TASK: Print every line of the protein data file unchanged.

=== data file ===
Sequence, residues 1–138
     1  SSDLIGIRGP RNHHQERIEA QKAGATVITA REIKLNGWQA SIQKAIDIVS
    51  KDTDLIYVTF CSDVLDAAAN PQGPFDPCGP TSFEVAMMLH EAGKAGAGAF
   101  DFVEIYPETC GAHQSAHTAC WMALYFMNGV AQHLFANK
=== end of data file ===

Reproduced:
Sequence, residues 1–138
     1  SSDLIGIRGP RNHHQERIEA QKAGATVITA REIKLNGWQA SIQKAIDIVS
    51  KDTDLIYVTF CSDVLDAAAN PQGPFDPCGP TSFEVAMMLH EAGKAGAGAF
   101  DFVEIYPETC GAHQSAHTAC WMALYFMNGV AQHLFANK